NSA Attends National Traffic Incident Response Awareness Week at USDOT Headquarters

Friday, November 17, 2017

With a podium lined with emergency responder vehicles, Sheriff James Voutour, Niagara County Sheriff's Office, NY, joined the Federal Highways Administration and the Secretary of Transportation, Elaine L. Chao and other dignitaries for kick-off remarks at the FHWA’s National Traffic Incident Response Awareness Week (NTIRAW) event, Thursday, November 16, 2017 at 10am, in front of USDOT Headquarters.  Sheriff Voutour represented the National Sheriffs' Association and the NSA Traffic Safety Committee with all TIM stakeholder disciplines represented.  With the podium flanked by response vehicles from LEO agencies, the US Flag draped between two DC Fire Department ladder units over the podium, Sheriff Voutour emphasized that the economic and societal harm from motor vehicle crashes cost Americans $871 billion last year. Included in these losses are lost productivity, medical costs, legal and court costs, emergency service costs (EMS), insurance administration costs, congestion costs, property damage, and workplace losses. 

For Law Enforcement and other responders, traffic incidents create unsafe situations for other people on the road, and put motorist and responder lives at risk and cause delays. According to the National Law Enforcement Officers Memorial Fund, 160+ law enforcement officers struck and killed by a vehicle since 2000, and prior to 2016, traffic-related incidents have been the number one cause of officer fatalities in 15 of the last 20 years.  Sheriff Voutour underscored that overall, those not directly involved in crashes pay for over three-quarters of all crash costs, primarily through insurance premiums, taxes and congestion related costs such as travel delay, excess fuel consumption, and increased environmental impacts.  In addition to the tragic loss of life and injuries, in 2010 these costs, borne by society rather than by crash victims, totaled over $187 billion.  Of the total price tag for roadway crashes in the 2010 report, $277 billion was attributed to economic costs — nearly $900 for every person living in the U.S. Harm from loss of life, pain and decreased quality of life due to injuries was pegged at $594 billion.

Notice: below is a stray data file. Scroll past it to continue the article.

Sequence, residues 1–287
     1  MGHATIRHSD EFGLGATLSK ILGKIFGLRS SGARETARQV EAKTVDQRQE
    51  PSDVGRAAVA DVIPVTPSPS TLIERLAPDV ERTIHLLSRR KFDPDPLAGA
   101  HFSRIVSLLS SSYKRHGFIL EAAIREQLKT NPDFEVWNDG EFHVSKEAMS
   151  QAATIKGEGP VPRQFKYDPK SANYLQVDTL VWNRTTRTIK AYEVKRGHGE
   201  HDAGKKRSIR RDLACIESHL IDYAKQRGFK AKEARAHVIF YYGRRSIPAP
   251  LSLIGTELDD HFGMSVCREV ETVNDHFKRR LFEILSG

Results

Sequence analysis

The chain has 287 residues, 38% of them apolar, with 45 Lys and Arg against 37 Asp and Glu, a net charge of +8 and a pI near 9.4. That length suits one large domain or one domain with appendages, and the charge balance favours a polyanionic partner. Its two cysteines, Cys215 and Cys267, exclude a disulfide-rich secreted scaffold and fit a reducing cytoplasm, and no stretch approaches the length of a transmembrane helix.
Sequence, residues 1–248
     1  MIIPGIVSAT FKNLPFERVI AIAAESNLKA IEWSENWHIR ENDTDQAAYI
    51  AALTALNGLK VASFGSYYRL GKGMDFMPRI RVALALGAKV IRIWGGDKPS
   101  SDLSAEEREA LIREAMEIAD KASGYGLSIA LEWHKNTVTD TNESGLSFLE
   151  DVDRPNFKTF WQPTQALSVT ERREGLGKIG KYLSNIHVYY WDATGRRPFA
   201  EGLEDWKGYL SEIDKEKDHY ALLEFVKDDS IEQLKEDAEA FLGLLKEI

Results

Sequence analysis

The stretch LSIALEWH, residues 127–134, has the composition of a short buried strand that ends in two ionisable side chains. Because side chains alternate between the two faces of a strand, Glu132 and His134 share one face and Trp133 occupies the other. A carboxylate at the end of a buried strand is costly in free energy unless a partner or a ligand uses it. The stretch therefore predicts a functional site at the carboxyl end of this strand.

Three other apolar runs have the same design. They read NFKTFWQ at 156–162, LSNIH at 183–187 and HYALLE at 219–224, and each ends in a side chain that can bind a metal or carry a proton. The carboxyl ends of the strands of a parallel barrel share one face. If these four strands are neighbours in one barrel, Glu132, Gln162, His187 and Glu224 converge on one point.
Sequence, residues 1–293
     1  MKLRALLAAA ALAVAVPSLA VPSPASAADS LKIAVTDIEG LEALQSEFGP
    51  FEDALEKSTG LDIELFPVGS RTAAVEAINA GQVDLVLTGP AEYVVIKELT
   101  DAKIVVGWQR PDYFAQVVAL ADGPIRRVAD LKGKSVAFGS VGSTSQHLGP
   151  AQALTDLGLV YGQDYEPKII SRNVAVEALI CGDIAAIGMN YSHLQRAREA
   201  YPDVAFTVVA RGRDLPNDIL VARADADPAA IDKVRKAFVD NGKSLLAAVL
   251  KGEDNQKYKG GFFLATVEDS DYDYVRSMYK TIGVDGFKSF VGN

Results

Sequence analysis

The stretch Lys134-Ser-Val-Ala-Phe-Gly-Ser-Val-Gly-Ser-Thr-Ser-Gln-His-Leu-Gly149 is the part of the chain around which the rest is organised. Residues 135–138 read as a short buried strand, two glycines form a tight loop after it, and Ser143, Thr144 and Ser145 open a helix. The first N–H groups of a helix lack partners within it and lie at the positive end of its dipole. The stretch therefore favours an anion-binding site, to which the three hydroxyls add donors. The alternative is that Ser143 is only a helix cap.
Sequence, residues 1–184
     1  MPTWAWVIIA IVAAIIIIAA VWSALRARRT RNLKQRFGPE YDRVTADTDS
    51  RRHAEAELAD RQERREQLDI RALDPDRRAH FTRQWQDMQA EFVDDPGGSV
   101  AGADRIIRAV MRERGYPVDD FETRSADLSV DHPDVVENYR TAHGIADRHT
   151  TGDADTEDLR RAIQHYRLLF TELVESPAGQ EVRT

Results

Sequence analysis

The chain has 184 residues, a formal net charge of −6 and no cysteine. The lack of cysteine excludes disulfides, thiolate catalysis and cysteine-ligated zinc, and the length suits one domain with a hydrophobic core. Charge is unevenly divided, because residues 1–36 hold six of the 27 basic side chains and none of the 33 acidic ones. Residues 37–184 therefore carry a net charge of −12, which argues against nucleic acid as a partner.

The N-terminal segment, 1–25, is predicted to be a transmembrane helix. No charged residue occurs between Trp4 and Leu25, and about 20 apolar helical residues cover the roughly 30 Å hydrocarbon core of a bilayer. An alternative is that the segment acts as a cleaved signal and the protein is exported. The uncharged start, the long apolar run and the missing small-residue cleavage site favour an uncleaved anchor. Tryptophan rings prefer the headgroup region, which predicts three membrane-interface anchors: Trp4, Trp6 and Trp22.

He raised the question "How Can Law Enforcement and the Public Address Traffic Incidents Effectively?"  The answer is clear: Enforcement.  Preventing crashes and roadway incidents is the most critical factor to address in Traffic Incident Management.  Enforcing impaired driving, speed, occupant restraints, distracted driving and other roadway laws is the primary tool for law enforcement to curb these roadway deaths and injuries, and the economic impact to our communities and citizens.

A well-developed Traffic Incident Management response, including law enforcement, firefighters, EMS, towing and recovery, safety patrols, transportation and maintenance crews and 911 professionals is critical for reducing incident response time and roadway clearance, which reduces lives lost and economic impact. 

Another effective tool for communities are STRONG Move Over Laws.  To further reduce secondary crashes, loss of responder lives, and economic impact, strong Move Over laws have demonstrated effectiveness.  "Move Over, America" is a partnership originally founded in 2007 by the National Safety Commission, the National Sheriffs' Association and the National Association of Police Organizations, with full support of the American Association of State Troopers. The campaign coordinates efforts to educate Americans about "Move Over" laws and how they help protect the law enforcement officers who risk their lives protecting the public.